Creativity and the Brain
“Don't think. Thinking is the enemy of creativity. It's self-conscious and anything self-conscious is lousy. You can't try to do things, you simply must do things.” Ray Bradbury.
Is writer Ray Bradbury suggesting that creativity is only achieved when the brain is in a meditative state, or in other words, once the mind has switched off all of its thoughts? Is this when artists experience their creative spark or “aha” moment?
Although this could be true for some artists, Professor of Psychology Paul Verhaeghen believes there is a link between creativity and the ruminating personality, or one that thinks incessantly. He stresses that this personality type is more prone to mood disorders such as depression and bipolar illnesses.
Verhaeghen who is also a novelist claims that he is somewhat mood disordered - “One of the things I do is think about something over and over again, and that's when I start writing.”
Researchers at the Karolinska Institutet in Sweden have recently discovered that families with a history of bipolar disorders and schizophrenia were more likely to produce artists and scientists.
In this study of approximately 1.2 million patients and their relatives, those being treated for bipolar disorder were more common among artists, dancers, photographers, and scientists. While writers in particular were more likely to be diagnosed with schizophrenia, depression, anxiety, and substance abuse. The study also claimed that writers were 50% more likely to commit suicide than the general population.
In episode twelve of Charlie Rose's Brain series, neuropsychiatrist Dr. Eric Kandel speaks of a theory where if the left hemisphere of the brain is compromised as it is in an individual with dyslexia, it appears to free up creative potential that is latent in the right hemisphere of the brain in the same individual.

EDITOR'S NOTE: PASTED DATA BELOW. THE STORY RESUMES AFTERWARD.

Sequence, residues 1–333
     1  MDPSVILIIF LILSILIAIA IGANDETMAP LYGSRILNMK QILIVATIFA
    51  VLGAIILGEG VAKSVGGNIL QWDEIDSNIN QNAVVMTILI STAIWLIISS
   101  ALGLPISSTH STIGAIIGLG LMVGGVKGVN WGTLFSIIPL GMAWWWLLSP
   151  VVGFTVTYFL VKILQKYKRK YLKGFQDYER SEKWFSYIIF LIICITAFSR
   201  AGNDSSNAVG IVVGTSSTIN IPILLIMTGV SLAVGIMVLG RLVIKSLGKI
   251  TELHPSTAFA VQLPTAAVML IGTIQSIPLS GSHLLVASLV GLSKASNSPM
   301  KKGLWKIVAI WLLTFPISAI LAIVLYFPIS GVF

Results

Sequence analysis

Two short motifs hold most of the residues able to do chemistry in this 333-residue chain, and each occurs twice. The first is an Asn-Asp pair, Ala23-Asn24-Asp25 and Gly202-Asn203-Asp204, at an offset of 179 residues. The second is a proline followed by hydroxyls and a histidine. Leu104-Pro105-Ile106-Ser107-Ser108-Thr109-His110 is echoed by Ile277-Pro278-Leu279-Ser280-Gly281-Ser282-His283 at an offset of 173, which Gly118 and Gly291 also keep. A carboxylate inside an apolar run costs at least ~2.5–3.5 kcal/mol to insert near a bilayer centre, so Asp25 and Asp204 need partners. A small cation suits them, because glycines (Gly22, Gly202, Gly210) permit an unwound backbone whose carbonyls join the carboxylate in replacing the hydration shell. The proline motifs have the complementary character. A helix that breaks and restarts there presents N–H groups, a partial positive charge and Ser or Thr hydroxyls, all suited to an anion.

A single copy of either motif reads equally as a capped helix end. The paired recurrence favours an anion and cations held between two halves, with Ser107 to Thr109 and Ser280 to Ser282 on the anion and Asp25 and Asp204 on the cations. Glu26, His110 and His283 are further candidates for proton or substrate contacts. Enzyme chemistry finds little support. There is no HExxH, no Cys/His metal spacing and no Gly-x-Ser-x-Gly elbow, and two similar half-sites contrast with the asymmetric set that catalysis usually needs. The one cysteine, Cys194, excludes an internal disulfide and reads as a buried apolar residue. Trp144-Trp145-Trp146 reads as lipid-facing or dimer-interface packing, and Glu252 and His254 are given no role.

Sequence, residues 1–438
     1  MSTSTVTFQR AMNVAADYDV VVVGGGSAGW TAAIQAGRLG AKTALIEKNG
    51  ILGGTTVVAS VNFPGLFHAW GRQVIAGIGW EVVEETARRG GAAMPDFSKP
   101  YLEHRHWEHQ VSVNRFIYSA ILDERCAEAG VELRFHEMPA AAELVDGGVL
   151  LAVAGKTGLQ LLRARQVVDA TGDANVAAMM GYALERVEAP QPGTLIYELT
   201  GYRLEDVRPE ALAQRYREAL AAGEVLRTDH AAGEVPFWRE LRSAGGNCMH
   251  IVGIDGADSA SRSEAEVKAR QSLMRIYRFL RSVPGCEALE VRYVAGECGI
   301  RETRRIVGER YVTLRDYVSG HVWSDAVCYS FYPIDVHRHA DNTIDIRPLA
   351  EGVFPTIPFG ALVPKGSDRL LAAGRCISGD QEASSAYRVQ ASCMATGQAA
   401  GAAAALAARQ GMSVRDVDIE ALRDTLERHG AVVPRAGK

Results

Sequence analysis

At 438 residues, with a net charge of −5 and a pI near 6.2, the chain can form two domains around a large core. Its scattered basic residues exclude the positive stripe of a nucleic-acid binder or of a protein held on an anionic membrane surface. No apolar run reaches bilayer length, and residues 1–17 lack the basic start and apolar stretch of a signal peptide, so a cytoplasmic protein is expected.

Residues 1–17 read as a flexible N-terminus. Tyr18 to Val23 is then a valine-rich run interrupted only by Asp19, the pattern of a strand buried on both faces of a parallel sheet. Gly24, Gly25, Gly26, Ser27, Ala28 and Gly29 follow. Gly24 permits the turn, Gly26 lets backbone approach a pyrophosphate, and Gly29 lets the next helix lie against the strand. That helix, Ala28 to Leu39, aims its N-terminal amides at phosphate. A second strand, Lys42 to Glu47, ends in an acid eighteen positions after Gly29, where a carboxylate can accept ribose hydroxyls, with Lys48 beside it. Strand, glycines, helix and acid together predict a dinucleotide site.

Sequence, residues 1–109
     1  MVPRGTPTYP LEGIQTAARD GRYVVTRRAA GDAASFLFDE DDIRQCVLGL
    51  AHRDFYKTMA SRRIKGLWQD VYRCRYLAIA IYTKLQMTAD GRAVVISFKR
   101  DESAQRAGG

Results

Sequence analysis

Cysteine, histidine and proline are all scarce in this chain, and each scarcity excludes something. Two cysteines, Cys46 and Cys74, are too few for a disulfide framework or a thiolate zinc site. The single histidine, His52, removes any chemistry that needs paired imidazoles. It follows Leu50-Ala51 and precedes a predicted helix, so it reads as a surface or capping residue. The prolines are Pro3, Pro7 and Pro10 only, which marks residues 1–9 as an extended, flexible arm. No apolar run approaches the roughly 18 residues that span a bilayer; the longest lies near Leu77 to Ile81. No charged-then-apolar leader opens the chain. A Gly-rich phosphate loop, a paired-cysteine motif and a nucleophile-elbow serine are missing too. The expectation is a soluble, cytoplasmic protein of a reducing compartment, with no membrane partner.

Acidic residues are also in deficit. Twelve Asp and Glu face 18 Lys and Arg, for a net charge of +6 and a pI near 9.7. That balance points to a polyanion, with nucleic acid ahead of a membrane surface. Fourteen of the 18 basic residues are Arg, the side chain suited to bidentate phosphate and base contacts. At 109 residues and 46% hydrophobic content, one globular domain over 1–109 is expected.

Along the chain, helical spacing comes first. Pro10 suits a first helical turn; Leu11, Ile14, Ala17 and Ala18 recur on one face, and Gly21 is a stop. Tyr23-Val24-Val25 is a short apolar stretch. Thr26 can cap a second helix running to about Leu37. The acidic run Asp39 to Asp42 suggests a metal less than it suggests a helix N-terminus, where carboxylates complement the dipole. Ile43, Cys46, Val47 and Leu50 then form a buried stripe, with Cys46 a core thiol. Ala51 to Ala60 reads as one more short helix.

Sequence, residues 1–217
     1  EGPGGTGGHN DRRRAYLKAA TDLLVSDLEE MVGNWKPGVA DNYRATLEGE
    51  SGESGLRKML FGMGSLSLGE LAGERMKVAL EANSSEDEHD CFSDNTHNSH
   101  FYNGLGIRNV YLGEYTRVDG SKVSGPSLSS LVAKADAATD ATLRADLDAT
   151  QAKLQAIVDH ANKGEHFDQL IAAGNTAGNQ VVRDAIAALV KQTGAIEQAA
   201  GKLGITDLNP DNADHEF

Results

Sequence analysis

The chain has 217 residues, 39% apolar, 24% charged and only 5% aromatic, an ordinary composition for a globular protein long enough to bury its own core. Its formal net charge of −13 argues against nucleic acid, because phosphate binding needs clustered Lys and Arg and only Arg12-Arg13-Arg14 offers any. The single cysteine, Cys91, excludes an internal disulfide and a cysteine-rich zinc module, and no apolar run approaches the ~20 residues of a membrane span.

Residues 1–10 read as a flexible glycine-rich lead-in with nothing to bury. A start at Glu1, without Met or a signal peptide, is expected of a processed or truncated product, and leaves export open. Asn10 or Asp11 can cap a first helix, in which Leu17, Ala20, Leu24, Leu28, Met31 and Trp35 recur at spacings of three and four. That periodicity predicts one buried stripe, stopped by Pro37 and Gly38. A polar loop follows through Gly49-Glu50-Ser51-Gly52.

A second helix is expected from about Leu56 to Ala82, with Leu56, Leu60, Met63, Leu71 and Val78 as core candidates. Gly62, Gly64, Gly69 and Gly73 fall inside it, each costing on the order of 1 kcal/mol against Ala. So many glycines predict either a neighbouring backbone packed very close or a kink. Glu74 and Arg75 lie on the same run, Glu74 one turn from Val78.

He believes that much can be learned from artists such as Chuck Close who suffers both from severe dyslexia and prosopagnosia or face blindness. The latter is a disorder where the ability to recognize faces is impaired.
Although Close suffers from these disorders he is considered to be one of the greatest artists of our time. He may not remember faces, phone numbers, or addresses but he is known to have the ability to draw a floor plan of every room he has ever been in, as well as the ability to create extraordinary works of art.
Artist Amanda LaMunyon who suffers from Asperger's Syndrome, a disability similar to Autism, writes: “When I put a paintbrush in my hands for the first time, I instantly felt my life change. I could finally focus without getting distracted and my paintings helped me convey everything I had difficulty expressing.”
Yet not all artists suffer from brain disorders, for some it may simply be that their ability to imagine is greater.
A study published in Personality and Individual Differences examined personality traits and dream recall in 193 college students. The study confirmed that the students who scored higher in creativity had more unusual dreams as well as the ability to remember them in vivid detail.